22.7 C
Islamabad
Sunday, November 27, 2022

PSF to impart skills to Youth to prepare them for Fifth Industrial Revolution

NEWS DESK ISLAMABAD: Pakistan Science Foundation (PSF) a...

Do the Pledges in the conferences are pledges only?

By: Jawad Ahmed Awan Conferences for environmental protection...

Play cricket in Pakistan or do the world cup without us, Rameez Raja to Indian team

By: Muhammad Saad Abbasi Chairman of Pakistan Cricket...

Let’s Make Pakistan Smoke Free

OpinionLet’s Make Pakistan Smoke Free
By: Khalil Ahmed Dogar

May 31st is celebrated across the world as ‘World No Tobacco Day’ to raise awareness on the hazards of tobacco consumption. Pakistan is the 8th largest tobacco producer in the world and according to World Health Organization, the number of smokers in Pakistan has reached up to 29 million. In terms of economics, on average, Pakistani smokers spend 10% of their average monthly income on cigarettes. 25.3% of households in the lowest income group smoke cigarettes compared to 16.2% of households in the highest income group. According to Global Adult Tobacco Survey, 19.1% percent of Pakistani adults (age 15+) use tobacco in any form. Among children from the age 13 to 15, 10.7% use any tobacco product. Due to cheap and easy affordability, nearly 1200 children begin smoking every day in the country.

Pakistan became a Party to the WHO Framework Convention on Tobacco Control (FCTC) on February 27, 2005. However, many of Pakistan’s measures to control tobacco consumption are not completely aligned with FCTC. In June 2019, the federal cabinet decided to implement a healthy levy on tobacco products. Unfortunately, some renowned politicians have repeatedly blocked this move because of their involvement with the industry. In last four years Pakistan has not made any serious effort to increase tobacco taxation.

After 18th amendment to the constitution of Pakistan, health has become a provincial subject and all provinces are required to enact their own laws. However, no efforts have made in this regard. In addition, due to absence of monitoring and controlling mechanism, Prohibition of smoking and protection of non-smokers health ordinance 2002, has not been implemented on ground level. The policy makers and implementation authorities have failed to adapt according to the latest trends of tobacco consumption. There are little to no measures to counter the threat posed by alternate products such as sheesha, vapes, e-Cigarettes and nicotine packs.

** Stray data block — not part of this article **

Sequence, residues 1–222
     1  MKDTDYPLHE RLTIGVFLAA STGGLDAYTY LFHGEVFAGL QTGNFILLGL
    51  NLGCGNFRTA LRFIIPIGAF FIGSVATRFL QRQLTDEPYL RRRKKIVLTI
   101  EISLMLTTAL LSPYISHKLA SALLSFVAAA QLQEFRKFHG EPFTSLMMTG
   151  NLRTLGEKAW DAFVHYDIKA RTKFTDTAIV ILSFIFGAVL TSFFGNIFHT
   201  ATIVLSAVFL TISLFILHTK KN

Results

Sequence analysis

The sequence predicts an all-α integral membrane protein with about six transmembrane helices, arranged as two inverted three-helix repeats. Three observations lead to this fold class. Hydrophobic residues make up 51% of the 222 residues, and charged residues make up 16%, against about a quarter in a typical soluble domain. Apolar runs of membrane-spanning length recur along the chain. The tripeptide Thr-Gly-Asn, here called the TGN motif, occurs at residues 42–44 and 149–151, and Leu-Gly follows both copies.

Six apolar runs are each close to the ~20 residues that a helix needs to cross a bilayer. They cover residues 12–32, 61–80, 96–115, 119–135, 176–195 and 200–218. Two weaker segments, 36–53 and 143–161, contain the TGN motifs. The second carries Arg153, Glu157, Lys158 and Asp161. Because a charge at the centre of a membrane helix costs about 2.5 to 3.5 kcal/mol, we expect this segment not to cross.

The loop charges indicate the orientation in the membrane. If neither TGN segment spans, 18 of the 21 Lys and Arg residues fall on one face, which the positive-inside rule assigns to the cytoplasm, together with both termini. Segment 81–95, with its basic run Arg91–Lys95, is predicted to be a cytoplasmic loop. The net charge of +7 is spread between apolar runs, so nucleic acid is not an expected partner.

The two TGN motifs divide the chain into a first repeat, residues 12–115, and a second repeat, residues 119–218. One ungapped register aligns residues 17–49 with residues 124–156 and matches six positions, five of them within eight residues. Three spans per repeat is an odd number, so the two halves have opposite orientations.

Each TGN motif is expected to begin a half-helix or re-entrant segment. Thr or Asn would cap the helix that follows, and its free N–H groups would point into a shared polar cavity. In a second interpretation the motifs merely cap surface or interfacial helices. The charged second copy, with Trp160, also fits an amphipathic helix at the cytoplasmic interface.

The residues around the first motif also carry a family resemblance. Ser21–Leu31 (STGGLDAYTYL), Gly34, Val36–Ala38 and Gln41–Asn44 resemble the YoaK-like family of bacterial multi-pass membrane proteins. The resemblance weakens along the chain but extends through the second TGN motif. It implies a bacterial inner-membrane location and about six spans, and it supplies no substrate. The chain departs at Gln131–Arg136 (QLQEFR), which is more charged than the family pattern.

As a result, the tobacco consumption is causing serious health implications on Pakistanis by making them suffer from non-communicable diseases like cancer, diabetes, heart disease, stroke, and chronic lung diseases. Yearly, 170,000 people die due to tobacco consumption.

On financial side, the use of tobacco causes annual an economic burden of 615 billion which is 1.6% of Pakistan’s GDP. This leads to significant negative externalities, including high healthcare costs and lost productivity due to tobacco-attributable diseases. On the other hand, the revenue generated from the tobacco industry is 120 billion in 2019 is approximately just 20 percent of smoking’s total cost.

Tobacco industry in Pakistan regularly interferes in public policy regarding tobacco control. Some of the examples include lobbying against larger pictorial health warnings, CSR activities directly through government officials and lobbying for acceptance/promotion of alternative tobacco products. The industry claims to be a major taxpayer in absolute terms, however the tax contribution is a small fraction of what tobacco consumption costs the government and society. The industry also blatantly violates sales and promotion laws to attract children and youth through catchy but misleading advertisement and sales near educational institution.

In order to counter these challenges, the government needs to adopt a sustainable National Tobacco Control Policy. Government must have clear cut guidelines on increasing taxation and health levy on yearly basis in accordance to inflation. Measures are also required to counter under reporting and false claims of illicit trade; minimize the industry’s influence in policymaking; strict implementation of the laws; and allocation of resource for improvement in public health system.


The writer is Program Manager, Society for the Protection of the Rights of the Child, SPARC, Islamabad. He can be reached at [email protected]

Check out our other content

Check out other tags:

Most Popular Articles